The Prajñā-pāramitā Sūtra of Candragarbha

འཕགས་པ་ཟླ་བའི་སྙིང་པོ་ཤེས་རབ་ཀྱི་ཕ་རོལ་ཏུ་ཕྱིན་པ་ཐེག་པ་ཆེན་པོའི་མདོ།

(‘phags pa zla ba’i snying po shes rab kyi pha rol tu phyin pa theg pa chen po’i mdo)

Translated from the Tibetan by Erick Tsiknopoulos

From the Ka volume of the ‘Various’ (na tshogs) section in the Kangyur (bka’ ‘gyur), the Tibetan Buddhist scriptural canon; Lhasa edition.

In the Indian Language [Sanskrit]: Ārya Candragarbha Prajñā-pāramitā Mahāyāna Sūtra (ārya-candragarbha-prajñā-pāramitā-mahāyāna-sūtra)

In the Tibetan Language: P’akpa Dawa’y-nyingpo Sheyrap kyi P’aröltuch’inpa T’ek-pach’enpo’i Do (‘phags pa zla ba’i snying po shes rab kyi pha rol tu phin pa theg pa chen po’i mdo)

{In the English Language: The Noble Mahāyāna Discourse to Vajraketu on the Transcendental Practice of Discerning Insight (The Noble Prajñā-pāramitā Mahāyāna Sūtra of Vajraketu)}

HOMAGE TO ALL BUDDHAS AND BODHISATTVAS!

Thus have I heard: At one time, the Bhagavān [the Buddha] was staying on Vulture’s Peak in Rājagṛha, in one company with boundless and incalculable large congregations of monks; and abundantly numerous Bodhisattvas. And at that time, in that assembly there sat the Bodhisattva Mahāsattva Candragarbha [‘Moon Essence’ or ‘Essence of the Moon’]; who got up from his seat, and thereupon addressed the Bhagavān in the following words: “Bhagavān, how should Bodhisattvas train in the Transcendental Practice of Discerning Insight (prajñā-pāramitā)?”

After he had spoken those words, the Bhagavān forthwith granted teaching in the  following words: “Candragarbha, that which is the freedom of all phenomena from substantial entity is the Transcendental Practice of Discerning Insight. In this regard we may observe, for example, the disc of the moon: Although it is [itself] devoid of conceptualization, it acts to encircle the four continents, and serves to vigorously dispel their respective darkness. In a similar fashion, for the Bodhisattva Mahāsattvas, the experiential application of the Transcendental Practice of Discerning Insight, although [itself] devoid of conceptualization, due to compassion, acts to encircle [and thereby subdue] the Four Misapprehensions[1] [of mistaking the impermanent for permanent, mistaking hardship for ease, mistaking non-self for self, and mistaking the repulsive for beautiful], and serves to naturally dispel the delusive afflictions; nevertheless, it is non-conceptual [while still performing those functions].”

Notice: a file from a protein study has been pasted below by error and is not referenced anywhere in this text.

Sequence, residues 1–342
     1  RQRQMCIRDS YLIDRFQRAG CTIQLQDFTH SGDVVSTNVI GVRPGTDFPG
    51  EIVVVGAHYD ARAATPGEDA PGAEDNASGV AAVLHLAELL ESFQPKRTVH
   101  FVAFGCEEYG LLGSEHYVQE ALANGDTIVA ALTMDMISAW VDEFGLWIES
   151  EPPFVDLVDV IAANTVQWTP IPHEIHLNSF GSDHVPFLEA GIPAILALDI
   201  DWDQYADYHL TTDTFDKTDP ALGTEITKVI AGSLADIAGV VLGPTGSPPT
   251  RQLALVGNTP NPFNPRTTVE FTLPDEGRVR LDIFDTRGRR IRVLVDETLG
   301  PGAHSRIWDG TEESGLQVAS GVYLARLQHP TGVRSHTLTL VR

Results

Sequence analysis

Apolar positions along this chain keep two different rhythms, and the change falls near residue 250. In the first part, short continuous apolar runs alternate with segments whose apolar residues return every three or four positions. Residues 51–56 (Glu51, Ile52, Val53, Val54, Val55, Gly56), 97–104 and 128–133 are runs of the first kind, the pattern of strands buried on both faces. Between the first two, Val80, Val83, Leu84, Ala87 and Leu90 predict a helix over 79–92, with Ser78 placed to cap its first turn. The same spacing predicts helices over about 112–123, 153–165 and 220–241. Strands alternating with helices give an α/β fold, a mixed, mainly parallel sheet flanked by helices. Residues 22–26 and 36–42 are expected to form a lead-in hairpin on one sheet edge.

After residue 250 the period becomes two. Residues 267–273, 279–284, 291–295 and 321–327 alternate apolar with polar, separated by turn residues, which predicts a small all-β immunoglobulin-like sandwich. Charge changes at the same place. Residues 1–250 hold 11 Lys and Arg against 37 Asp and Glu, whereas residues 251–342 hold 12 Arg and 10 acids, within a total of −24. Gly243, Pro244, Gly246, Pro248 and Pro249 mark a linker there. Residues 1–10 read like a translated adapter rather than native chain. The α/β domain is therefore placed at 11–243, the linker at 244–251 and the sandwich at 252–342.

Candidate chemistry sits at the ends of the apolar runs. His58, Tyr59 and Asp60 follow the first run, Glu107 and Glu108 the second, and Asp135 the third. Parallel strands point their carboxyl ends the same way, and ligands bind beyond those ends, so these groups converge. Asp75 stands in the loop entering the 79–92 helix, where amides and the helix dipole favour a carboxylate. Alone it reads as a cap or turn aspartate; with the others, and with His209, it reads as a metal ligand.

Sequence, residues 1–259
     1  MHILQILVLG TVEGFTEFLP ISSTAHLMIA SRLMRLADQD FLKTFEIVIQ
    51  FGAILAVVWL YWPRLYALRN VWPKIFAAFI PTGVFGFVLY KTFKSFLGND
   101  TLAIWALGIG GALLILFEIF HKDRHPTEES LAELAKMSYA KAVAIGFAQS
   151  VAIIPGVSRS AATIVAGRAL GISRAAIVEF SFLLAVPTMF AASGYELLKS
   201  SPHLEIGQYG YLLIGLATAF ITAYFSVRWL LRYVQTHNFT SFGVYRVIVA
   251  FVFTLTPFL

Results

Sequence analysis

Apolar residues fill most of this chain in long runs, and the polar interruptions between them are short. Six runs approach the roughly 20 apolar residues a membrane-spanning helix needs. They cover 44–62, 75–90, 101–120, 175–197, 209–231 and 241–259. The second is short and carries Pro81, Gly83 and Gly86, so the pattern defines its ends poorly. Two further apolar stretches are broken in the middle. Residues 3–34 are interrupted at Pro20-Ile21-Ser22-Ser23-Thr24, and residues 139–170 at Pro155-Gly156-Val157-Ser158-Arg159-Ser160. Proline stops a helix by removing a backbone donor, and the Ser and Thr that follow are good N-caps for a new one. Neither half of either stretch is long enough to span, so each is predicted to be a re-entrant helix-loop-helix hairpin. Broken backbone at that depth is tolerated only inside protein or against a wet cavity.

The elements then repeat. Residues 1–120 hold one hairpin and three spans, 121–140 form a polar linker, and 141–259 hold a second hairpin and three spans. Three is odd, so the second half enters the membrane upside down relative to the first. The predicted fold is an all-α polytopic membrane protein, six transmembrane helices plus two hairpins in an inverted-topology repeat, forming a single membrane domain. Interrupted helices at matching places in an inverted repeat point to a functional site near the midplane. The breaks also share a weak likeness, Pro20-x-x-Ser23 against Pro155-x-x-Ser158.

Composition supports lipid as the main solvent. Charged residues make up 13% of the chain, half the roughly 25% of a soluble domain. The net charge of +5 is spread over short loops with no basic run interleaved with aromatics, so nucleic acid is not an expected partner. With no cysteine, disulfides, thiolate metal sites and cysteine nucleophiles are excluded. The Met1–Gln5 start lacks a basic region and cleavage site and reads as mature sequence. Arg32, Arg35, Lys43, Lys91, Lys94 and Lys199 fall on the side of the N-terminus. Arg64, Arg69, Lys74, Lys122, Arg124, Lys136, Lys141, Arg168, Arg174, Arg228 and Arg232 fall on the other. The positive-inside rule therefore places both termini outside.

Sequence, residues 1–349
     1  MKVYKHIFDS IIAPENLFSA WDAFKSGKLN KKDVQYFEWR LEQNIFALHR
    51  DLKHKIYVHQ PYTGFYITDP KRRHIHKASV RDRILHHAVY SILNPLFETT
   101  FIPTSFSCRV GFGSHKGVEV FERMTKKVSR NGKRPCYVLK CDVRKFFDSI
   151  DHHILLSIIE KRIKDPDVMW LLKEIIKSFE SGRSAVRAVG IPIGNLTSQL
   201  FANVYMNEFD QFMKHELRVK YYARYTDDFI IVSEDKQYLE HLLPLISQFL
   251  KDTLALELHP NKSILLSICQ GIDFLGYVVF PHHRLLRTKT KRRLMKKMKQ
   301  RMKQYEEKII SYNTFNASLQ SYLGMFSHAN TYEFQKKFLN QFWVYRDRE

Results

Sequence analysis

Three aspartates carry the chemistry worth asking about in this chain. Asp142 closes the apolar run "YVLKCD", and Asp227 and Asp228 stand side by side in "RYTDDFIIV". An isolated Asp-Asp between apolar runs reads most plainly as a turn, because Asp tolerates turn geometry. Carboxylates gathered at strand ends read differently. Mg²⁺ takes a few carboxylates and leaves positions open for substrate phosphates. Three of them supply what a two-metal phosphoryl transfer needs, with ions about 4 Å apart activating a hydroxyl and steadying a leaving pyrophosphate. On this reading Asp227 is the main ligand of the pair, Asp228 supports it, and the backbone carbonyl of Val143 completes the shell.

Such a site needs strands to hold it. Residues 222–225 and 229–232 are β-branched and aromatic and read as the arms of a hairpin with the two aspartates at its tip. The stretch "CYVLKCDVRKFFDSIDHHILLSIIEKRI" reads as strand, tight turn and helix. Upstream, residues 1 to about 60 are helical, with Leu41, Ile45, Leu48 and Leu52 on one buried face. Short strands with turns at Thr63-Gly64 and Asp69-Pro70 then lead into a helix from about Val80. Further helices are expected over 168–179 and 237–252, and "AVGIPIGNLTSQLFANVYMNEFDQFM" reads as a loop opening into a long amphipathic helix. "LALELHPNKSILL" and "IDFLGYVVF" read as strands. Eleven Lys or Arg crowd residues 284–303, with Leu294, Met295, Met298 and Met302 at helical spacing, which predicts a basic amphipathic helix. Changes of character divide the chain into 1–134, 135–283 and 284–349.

Candragarbha asked: “Bhagavān, how many are there of the Transcendental Practice of Discerning Insight (prajñā-pāramitā) for the Bodhisattvas?”

The Bhagavān granted teaching thus: “Good son, there are two types of Transcendental Practice of Discerning Insight for the Bodhisattvas; namely:

  • the defiled (āsravaprajñā-pāramitā)
  • …and the undefiled (anāsravaprajñā-pāramitā).”

“Good son, in this regard, the [Transcendental Practice of] Discerning Insight which is defiled is that which engages in conceptualization of an object and conceptualization of a subject during phases on the Level of Aspirational Practice [adhimukti-caryā-bhūmi, the way in which the Dharma is practiced on the Bodhisattva Paths during the Path of Accumulation (sambhāra-mārga) and Path of Joining (prayoga-mārga), in which Emptiness is not perceived directly but rather conceived of merely through aspiration or inspiration, or else by way of general terms and general meanings]; while the Transcendental Practice of Discerning Insight which is undefiled is that which serves to eliminate that [dualistic conception of subject and object constituting defiled prajñā(-pāramitā)]. Good son, in this regard, the Transcendental Practice of Discerning Insight which is undefiled is the Deep Wisdom of Total Non-Conceptuality (nirvikalpa-jñāna) on the Path of Seeing (darśana-mārga); and that Deep Wisdom is, to wit, non-conceptual because it is free of all concepts.”